Letter | Published:

Survival of Woody Plants at Extremely Low Temperatures

Naturevolume 187page1134 (1960) | Download Citation



JENSEN1 has also claimed that the ability to plasmolyse in onion cells is not a reliable index to their viability, because he observed some abnormal cells in which vacuoles were normally stained by neutral red solution and tonoplasts still retained their permeability, having the cytoplasmic layers torn outside the tonoplasts. In a previous report3 I stated that such abnormal cells have not yet been observed during several years study in the parenchyma cells of the cortex in woody plants, but some parenchyma cells are found in which the ectoplasts still retain their semi-permeability though their tonoplasts are torn and their cytoplasmic layers are mixed with vacuolar content (see plate 1,2 ref. 2) However, such abnormal cells are easily distinguishable from the normal by their appearance. Thus, in the parenchyma cells in twigs of woody plants, unlike the case of onion cells, it may be possible to determine the relative degree of viability in parenchyma cells, upon the basis of both their vital staining with neutral red solution and the appearance of plasmolysed cells, at least in one and the same series of experiments. However, judging3 of the intactness of twig as a whole cannot be made only on the basis of plasmolysis test in parenchyma cells just subsequent to, or even after, many days of thawing, because inner cortex, pith ray, and pith periclinal tissue are less resistant to freezing than parenchyma cells of cortex. Accordingly, to demonstrate the intactness of a treated twig as a whole, it was planted in moist sand and its capacity tested to continue normal development at least for three months after planting, as mentioned in my reports4. Even in the tetrazolium5 test used by Parker, it may be said that judging the intactness in plants means only determination of a relative value of viability of certain tissues in twig or leaf without testing the whole of it as is done by the plasmolysis method.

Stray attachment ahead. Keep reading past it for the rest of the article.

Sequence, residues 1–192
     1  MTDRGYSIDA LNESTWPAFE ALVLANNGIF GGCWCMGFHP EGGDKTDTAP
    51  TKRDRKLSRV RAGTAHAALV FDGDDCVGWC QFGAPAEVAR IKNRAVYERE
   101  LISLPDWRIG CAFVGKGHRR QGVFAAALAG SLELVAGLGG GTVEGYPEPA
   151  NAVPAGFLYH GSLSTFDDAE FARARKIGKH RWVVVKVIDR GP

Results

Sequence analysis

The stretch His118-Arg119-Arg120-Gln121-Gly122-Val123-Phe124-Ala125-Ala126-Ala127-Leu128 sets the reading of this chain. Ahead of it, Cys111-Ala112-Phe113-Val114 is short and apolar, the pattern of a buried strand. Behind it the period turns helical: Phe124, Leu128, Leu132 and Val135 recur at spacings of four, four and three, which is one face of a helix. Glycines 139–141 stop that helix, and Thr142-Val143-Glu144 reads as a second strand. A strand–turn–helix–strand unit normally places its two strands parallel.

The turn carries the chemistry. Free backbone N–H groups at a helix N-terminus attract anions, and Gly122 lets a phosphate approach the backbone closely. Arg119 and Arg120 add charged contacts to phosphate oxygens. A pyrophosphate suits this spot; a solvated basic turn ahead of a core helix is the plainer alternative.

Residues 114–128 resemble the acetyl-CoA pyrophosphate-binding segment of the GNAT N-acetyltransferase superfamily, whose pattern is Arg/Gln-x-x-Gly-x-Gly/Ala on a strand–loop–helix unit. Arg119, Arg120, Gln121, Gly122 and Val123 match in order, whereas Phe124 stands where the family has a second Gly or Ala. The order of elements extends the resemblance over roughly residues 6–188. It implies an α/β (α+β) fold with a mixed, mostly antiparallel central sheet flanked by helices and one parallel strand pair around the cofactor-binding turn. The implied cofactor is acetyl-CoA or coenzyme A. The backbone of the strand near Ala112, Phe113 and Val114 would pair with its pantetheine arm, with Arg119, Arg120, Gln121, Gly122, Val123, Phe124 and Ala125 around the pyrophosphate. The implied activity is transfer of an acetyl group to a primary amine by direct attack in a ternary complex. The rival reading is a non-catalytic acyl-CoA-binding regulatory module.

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  1. 1

    Jensen, A. B., Protoplasma, 36, 195 (1942).

  2. 2

    Sakai, A., Low Temp. Sci., Ser. B., 17, 21 (1959).

  3. 3

    Sakai, A., Low Temp. Sci., Ser. B., 13, 43 (1955).

  4. 4

    Sakai, A., Low Temp. Sci., Ser. B., 14, 17 (1956).

  5. 5

    Parker, J., Bot. Gaz., 121, 46 (1959).

  6. 6

    Sakai, A., Nature, 183, 393 (1960).

  7. 7

    Sakai, A. (unpublished work).

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  1. Institute of Low Temperature Science, Hokkaido University, Sapporo, Japan



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